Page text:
Ballestar, E., Pile, L. A., Wassarman, D. A., Wolffe, A. P. and Wade, P. A. (2001). A Drosophila MBD family member is a transcriptional co-repressor associated with specific genes. Eur. J. Biochem. 268: 5397-540. 11606202

Bird, A. P. and Wolffe, A. P. (1999). Methylation-induced repression-belts, braces, and chromatin. Cell 99: 451-454. 10589672

Brackertz, M., Boeke, J., Zhang, R. and Renkawitz, R. (2002).Two highly related p66 proteins comprise a new family of potent transcriptional repressors interacting with MBD2 and MBD3.J. Biol. Chem. 277(43): 40958-66. 12183469

Ego, T., Tanaka, Y. and Shimotohno, K. (2005). Interaction of HTLV-1 Tax and methyl-CpG-binding domain 2 positively regulates the gene expression from the hypermethylated LTR. Oncogene 24(11): 1914-234. 15674330

Feng, Q. and Zhang, Y. (2001). The MeCP1 complex represses transcription through preferential binding, remodeling, and deacetylating methylated nucleosomes. Genes Dev. 15: 827-8324. 11297506

Fujita, H., Fujii, R., Aratani, S., Amano, T., Fukamizu, A. and Nakajima, T. (2003). Antithetic effects of MBD2a on gene regulation.Mol. Cell. Biol. 23(8): 2645-57. 12665568

Fuks, F., Hurd, P. J., Wolf, D., Nan, X., Bird, A. P. and Kouzarides, T. (2003). The methyl-CpG-binding protein MeCP2 links DNA methylation to histone methylation. J. Biol. Chem. 278: 4035-4040. 12427740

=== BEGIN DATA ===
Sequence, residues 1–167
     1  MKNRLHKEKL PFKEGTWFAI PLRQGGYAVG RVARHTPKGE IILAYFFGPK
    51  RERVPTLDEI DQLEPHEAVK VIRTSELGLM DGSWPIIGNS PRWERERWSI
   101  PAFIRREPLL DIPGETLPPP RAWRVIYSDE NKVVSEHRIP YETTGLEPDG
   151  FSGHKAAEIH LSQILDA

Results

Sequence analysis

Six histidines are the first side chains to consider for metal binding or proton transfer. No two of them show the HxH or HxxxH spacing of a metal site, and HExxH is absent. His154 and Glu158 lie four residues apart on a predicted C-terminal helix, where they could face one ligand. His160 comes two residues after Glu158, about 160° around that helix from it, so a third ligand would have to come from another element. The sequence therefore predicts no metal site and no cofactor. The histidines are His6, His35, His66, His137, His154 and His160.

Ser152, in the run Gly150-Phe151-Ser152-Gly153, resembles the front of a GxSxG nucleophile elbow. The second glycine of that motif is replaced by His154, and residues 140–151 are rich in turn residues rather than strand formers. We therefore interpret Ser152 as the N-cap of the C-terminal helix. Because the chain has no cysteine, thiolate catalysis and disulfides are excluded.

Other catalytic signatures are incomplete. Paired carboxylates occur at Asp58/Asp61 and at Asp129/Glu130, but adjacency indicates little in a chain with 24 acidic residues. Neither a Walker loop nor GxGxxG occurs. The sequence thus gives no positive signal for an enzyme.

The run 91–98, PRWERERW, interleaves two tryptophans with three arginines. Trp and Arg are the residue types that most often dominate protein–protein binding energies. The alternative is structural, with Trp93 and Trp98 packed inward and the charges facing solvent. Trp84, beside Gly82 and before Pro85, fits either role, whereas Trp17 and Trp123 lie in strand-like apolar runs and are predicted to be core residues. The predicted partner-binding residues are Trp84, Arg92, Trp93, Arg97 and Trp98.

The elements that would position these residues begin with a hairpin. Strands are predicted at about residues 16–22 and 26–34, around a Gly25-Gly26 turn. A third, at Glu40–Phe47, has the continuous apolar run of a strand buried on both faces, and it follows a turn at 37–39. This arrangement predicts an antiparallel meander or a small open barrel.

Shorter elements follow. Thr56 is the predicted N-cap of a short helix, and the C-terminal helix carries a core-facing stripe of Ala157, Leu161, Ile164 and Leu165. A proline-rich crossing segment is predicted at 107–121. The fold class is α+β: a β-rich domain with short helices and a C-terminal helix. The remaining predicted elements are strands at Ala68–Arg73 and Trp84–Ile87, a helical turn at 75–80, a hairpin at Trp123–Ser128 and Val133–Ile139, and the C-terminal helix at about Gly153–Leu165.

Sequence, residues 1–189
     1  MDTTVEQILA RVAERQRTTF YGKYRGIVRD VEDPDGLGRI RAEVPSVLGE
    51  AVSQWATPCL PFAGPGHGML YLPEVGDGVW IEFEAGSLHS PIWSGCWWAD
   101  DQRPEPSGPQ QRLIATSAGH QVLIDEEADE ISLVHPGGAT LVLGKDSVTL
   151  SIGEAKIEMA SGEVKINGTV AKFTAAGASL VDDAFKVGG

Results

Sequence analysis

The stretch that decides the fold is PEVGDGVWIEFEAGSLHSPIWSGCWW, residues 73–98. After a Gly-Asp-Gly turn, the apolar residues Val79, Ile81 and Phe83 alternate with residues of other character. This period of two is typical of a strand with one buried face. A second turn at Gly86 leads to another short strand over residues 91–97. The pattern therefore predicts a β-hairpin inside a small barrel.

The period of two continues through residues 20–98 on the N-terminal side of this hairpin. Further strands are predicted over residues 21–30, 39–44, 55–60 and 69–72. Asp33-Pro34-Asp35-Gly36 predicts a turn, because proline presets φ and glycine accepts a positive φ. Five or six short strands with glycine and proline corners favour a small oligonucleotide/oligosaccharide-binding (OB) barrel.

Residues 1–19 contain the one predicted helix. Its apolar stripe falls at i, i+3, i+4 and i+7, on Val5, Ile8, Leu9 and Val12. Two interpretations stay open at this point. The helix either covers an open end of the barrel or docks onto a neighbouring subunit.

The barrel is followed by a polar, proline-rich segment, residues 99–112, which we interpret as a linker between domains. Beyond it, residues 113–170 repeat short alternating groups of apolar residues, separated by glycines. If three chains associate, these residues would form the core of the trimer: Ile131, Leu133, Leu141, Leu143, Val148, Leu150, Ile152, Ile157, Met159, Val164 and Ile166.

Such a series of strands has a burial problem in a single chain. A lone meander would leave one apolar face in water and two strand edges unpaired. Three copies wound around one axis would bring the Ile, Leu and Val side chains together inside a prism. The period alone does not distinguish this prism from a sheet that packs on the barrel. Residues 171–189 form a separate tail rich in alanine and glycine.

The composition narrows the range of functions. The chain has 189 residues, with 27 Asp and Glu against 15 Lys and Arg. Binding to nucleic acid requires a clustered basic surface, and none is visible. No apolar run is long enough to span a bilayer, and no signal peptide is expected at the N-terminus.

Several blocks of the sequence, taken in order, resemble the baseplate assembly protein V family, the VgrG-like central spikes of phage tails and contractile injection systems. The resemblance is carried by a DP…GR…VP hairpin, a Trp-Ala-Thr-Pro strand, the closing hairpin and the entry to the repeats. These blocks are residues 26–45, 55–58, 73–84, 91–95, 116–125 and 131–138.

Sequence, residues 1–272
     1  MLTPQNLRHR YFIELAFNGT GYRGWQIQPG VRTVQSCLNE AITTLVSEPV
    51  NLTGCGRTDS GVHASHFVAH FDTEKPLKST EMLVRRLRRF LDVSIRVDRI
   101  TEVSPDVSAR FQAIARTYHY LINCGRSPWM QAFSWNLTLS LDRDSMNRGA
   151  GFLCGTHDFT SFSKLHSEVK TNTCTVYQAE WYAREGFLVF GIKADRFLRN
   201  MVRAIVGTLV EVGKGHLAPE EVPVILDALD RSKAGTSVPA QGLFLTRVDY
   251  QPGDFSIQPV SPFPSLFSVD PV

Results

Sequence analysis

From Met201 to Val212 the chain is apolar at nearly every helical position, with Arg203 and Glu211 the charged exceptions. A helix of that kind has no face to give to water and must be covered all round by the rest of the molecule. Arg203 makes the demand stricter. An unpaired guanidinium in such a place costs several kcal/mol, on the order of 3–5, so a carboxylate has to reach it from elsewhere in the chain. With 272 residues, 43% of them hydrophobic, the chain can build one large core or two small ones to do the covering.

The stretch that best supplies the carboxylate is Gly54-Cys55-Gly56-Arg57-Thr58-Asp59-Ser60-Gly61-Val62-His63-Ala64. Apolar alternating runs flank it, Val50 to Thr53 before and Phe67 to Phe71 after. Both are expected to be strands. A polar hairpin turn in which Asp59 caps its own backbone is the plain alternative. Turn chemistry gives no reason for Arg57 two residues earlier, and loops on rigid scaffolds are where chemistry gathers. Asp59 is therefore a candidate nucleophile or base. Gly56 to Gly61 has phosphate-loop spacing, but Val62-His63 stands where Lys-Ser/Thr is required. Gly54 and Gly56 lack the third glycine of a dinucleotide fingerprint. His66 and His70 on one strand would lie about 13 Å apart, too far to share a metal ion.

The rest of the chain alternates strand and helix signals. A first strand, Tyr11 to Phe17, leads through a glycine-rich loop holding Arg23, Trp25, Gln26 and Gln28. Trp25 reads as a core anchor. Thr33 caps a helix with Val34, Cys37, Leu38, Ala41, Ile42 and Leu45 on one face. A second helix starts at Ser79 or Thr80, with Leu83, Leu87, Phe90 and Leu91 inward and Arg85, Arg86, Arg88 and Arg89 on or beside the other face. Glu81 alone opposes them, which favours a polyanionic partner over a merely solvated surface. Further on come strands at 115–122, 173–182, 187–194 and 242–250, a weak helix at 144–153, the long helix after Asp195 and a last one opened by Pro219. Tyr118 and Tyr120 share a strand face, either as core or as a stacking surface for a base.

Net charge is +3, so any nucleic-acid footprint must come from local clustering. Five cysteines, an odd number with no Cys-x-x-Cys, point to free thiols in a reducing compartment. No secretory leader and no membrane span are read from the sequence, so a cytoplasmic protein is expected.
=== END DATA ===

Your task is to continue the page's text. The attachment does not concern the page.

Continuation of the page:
Ghoshal, K., et al. (2004). Role of human ribosomal RNA (rRNA) promoter methylation and of methyl-CpG-binding protein MBD2 in the suppression of rRNA gene expression. J. Biol. Chem. 279(8): 6783-93. 14610093

Gutierrez, A. and Sommer, R. J. (2004). Evolution of dnmt-2 and mbd-2-like genes in the free-living nematodes Pristionchus pacificus, Caenorhabditis elegans and Caenorhabditis briggsae. Nucleic Acids Res. 32(21): 6388-96. 15576683

Hendrich, B. and Bird, A. (1998). Identification and characterization of a family of mammalian methyl-CpG binding proteins. Mol. Cell. Biol. 18: 6538-6547. 9774669

Hendrich, B., Guy, J., Ramsahoye, B., Wilson, V. A. and Bird, A. (2001). Closely related proteins MBD2 and MBD3 play distinctive but interacting roles in mouse development. Genes Dev. 15: 710-723. 11274056

Hendrich, B. and Tweedie, S. (2003). The methyl-CpG binding domain and the evolving role of DNA methylation in animals. Trends Genet. 19: 269-277. 12711219

Hutchins, A. S., et al. (2002). Gene silencing quantitatively controls the function of a developmental trans-activator. Mol. Cell 10(1): 81-91. 12150909